Remember that under Florida Statute Section 784.046(7)(c), a circuit court judge can permanently order the protective injunction to remain in effect. The injunction lasts permanently unless it is modified or dissolved by the issuing court.

Though either person can ask the court to dissolve or modify the injunction order, neither side can change the terms of the court order without obtaining explicit permission from the court.

What Are the Defenses of a Violation of Injunction to Prevent Repeat Violence?

You can use several defenses and strategies to contest an injunction violation charge. The most common ones are:

Lack of Notice of Injunction

Notice and awareness of the injunction are essential elements of the charge of injunction violation. A conviction cannot be sustained, and a motion for judgment of acquittal needs to be granted where the state fails to prove to the court that the defendant was served with the injunction order or has some other means of notice.

Lack of Intent to Violate

The prosecution must prove that the defendant willfully and intentionally violated the injunction’s terms. The defendant’s action must be done ‘purposely and knowingly.’

Often, the defendant is unaware of the full scope of the injunction’s prohibitions or genuinely believes that their action complied with the order. If the violation was not intentional, this could serve as a defense to the charge.

Mistakes as to the Effect, Meaning, or Scope of the Injunction

If well-founded and reasonable, a mistaken belief regarding the protective injunction’s meaning, effect, or scope can prove an excellent defense to the violation charge. The violation charge is arguably not willful if there is an honest mistake or misunderstanding.

A typical and common example is where the defendant is ordered to have no contact with the supposed victim. Often, the judge does not explain the no-contact provision in full detail and scope. Thus, it can be unclear what no contact means—if it only pertains to direct communication or encompasses indirect and third-party contact.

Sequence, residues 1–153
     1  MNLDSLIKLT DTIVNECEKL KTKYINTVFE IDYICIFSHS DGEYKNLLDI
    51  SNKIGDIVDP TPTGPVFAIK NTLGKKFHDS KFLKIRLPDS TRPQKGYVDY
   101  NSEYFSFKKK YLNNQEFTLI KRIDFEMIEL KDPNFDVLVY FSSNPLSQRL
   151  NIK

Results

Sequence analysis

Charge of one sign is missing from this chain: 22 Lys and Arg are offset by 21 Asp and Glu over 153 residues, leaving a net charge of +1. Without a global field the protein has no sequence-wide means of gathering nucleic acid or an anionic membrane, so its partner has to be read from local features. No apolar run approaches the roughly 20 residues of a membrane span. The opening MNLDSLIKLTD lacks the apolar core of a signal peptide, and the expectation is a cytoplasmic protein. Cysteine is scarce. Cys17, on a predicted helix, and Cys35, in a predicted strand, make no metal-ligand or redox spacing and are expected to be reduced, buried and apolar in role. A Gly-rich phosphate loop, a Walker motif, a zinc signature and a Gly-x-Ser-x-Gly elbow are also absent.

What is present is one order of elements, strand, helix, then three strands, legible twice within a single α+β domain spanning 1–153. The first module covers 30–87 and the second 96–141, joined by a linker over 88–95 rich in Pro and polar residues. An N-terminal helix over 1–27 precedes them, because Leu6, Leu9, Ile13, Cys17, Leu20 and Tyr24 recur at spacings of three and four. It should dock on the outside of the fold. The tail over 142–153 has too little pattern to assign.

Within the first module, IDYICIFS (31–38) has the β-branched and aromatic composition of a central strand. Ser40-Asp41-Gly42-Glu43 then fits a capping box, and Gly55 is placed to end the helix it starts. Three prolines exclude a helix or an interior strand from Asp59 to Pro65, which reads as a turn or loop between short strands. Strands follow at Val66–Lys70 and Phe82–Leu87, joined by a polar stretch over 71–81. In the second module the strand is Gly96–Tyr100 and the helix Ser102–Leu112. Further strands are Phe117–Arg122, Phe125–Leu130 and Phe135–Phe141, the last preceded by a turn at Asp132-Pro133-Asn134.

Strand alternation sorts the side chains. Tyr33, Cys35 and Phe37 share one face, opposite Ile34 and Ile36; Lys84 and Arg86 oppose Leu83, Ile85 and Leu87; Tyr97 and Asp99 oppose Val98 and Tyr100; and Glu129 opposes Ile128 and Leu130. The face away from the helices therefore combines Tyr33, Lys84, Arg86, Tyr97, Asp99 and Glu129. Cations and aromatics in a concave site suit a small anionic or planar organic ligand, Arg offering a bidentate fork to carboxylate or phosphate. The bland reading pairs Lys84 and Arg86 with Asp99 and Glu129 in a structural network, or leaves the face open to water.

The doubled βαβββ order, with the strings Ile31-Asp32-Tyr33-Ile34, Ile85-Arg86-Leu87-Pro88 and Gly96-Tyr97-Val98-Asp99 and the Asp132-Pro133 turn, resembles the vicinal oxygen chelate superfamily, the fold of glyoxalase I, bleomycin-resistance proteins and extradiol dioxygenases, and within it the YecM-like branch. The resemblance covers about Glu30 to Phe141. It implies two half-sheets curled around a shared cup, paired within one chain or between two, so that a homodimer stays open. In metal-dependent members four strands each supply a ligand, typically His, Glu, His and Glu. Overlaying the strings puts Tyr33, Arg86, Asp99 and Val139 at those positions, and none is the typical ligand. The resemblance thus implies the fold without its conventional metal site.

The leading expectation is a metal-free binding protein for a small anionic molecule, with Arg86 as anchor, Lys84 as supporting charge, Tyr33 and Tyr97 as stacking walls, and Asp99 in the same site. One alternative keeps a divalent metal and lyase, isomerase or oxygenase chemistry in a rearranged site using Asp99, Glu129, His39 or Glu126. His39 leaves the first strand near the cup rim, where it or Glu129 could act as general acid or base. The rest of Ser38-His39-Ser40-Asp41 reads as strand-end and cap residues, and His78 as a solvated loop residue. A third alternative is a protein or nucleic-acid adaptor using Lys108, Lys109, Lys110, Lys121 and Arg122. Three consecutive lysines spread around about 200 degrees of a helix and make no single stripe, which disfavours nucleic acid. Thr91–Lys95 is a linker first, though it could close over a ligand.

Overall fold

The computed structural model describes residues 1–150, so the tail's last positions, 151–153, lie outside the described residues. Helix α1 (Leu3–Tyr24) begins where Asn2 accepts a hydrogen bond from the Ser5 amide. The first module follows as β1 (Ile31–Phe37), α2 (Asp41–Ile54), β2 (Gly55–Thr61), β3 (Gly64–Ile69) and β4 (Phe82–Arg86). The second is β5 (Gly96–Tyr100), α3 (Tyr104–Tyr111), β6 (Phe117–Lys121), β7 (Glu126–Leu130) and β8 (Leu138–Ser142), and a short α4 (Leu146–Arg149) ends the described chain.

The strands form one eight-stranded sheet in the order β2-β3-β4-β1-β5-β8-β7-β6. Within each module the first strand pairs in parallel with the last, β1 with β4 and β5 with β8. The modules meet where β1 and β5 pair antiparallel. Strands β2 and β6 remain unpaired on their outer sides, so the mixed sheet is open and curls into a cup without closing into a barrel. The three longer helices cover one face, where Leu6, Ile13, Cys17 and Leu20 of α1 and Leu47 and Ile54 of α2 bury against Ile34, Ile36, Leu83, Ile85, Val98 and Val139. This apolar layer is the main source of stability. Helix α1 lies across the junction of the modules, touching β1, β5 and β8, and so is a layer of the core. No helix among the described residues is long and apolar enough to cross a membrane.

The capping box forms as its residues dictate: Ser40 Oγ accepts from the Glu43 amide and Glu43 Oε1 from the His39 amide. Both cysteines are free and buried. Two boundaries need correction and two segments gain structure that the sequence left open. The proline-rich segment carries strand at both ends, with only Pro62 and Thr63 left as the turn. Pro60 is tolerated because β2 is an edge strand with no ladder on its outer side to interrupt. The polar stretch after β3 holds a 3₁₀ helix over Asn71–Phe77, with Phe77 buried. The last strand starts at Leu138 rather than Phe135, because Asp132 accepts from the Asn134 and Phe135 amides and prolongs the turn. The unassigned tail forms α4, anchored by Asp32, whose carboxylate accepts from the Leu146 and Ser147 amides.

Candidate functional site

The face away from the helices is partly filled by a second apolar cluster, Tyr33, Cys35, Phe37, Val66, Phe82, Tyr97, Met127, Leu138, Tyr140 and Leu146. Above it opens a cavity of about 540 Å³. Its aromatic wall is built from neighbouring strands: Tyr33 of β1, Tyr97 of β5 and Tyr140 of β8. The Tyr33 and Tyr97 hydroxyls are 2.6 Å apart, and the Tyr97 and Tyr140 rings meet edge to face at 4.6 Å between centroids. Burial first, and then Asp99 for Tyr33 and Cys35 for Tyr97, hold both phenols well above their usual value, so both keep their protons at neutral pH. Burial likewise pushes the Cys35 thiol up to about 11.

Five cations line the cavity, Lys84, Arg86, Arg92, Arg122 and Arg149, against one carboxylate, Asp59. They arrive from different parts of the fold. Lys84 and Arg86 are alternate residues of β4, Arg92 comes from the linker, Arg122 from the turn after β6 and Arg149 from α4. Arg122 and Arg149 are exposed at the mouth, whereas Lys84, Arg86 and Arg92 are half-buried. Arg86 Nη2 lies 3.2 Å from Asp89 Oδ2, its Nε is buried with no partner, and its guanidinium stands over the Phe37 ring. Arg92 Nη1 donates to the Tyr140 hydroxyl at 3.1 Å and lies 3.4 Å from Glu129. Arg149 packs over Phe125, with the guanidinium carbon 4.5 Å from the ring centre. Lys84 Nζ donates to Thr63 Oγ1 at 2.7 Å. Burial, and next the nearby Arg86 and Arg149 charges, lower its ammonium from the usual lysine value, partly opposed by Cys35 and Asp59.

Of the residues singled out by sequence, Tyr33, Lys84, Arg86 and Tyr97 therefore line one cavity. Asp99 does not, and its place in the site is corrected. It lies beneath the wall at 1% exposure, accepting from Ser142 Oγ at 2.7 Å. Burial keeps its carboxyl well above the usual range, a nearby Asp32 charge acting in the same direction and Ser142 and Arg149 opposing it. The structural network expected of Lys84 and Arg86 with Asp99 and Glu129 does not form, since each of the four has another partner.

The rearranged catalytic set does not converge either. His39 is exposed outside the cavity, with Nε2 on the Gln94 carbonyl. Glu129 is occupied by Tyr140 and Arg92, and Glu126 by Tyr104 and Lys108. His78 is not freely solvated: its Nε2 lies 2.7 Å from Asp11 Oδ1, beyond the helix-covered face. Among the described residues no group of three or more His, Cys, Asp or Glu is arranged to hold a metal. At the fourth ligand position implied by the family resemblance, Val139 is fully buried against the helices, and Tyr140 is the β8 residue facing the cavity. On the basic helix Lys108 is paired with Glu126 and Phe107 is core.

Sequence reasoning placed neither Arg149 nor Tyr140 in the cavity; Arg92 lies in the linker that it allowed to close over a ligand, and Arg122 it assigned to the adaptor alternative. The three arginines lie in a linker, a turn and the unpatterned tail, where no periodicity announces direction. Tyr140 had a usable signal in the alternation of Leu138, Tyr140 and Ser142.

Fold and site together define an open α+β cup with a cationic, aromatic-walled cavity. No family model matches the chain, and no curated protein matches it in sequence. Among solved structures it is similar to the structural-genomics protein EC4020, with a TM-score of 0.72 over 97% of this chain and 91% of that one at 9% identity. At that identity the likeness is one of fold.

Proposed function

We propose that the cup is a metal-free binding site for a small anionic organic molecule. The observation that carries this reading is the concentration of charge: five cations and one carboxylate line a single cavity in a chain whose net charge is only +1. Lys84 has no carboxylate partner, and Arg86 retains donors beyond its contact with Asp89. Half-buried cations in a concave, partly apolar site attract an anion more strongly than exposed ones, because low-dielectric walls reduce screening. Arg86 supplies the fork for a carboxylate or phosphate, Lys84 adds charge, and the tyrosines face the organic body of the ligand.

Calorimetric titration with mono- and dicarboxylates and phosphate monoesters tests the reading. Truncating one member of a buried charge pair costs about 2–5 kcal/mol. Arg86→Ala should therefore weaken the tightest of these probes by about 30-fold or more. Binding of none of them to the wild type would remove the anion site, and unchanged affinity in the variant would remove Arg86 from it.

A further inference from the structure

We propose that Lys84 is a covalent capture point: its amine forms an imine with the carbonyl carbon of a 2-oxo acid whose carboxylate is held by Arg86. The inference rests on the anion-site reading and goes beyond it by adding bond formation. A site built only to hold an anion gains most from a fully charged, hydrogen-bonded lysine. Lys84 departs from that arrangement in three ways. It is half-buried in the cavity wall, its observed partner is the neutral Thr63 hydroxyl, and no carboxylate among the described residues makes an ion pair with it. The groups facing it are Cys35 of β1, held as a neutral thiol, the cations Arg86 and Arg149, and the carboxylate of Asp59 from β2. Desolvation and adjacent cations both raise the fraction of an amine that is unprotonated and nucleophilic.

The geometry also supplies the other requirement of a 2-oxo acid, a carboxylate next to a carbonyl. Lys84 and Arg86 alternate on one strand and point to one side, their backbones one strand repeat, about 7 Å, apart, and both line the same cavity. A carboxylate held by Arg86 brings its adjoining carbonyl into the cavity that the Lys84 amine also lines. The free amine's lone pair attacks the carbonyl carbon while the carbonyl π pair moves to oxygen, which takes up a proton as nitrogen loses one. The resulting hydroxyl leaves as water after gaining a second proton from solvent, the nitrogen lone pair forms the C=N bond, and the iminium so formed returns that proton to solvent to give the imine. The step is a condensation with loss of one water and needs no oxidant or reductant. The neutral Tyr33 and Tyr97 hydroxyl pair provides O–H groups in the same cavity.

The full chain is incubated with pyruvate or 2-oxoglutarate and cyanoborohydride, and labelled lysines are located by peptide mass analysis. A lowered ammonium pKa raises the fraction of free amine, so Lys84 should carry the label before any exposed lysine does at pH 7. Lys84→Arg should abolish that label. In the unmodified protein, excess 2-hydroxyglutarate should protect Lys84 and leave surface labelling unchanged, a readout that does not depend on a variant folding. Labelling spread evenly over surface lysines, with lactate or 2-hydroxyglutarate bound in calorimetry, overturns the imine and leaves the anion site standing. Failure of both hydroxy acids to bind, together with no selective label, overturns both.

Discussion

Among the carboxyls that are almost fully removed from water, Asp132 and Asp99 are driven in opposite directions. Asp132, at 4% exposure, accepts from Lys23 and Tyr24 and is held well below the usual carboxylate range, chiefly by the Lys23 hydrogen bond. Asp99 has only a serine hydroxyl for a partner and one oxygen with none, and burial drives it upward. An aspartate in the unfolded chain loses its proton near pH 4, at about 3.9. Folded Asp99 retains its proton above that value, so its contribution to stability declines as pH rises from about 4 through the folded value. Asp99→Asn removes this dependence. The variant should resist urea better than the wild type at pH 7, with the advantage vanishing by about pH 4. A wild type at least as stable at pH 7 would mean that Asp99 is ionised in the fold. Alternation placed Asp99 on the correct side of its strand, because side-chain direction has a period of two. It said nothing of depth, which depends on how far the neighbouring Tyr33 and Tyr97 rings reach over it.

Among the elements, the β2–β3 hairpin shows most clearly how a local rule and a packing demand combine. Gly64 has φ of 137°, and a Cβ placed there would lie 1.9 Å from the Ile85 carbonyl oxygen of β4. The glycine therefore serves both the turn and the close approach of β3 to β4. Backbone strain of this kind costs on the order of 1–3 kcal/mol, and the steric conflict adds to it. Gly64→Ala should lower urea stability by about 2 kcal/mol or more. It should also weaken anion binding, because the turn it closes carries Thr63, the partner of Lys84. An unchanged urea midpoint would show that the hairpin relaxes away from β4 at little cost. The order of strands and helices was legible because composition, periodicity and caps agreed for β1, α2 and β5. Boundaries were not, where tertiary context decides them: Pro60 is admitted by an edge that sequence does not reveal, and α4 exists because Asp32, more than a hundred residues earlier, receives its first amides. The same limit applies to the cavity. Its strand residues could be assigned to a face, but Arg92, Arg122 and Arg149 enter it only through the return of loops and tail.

No Intentional Contact

The state of Florida must prove that the defendant intentionally made contact with the alleged victim. Thus, if the defendant communicates with the alleged victim through a third party, and the said third party, without the defendant asking, relays the message to the victim. That is not intentional.

Other Injunction Issued

Sometimes, a defendant accused of injunction violation is subject to two conflicting injunctions at the time of the alleged violation. If this were the case, the alleged violation of one protective injunction is arguably not intentional or willful. It is as long as the defendant complied with the other injunction and believed that the other protective injunction was in legal effect at the time of the alleged violation.

Seek Out a Skilled Attorney to Build A Defense For Your Injunction Violation Charge

Facing the prospect of being charged with violating a repeat violence injunction can be frightening. An active injunction can negatively impact your life in more ways than one.

The best course of action to defend yourself against the violation charge is to hire a seasoned criminal defense attorney specializing in injunction cases. A lawyer can help challenge the repeat violence injunction by drawing on legal precedents and other arguments.

Contact our attorneys at Hanlon Law to build a viable defense to work and use on your case. We can assist you in fighting the charge or minimizing the potential penalties you might face.

Call us today to schedule a free consultation.

Hanlon Law
210 N Pierce St
Tampa, FL 33602
(813) 228-7095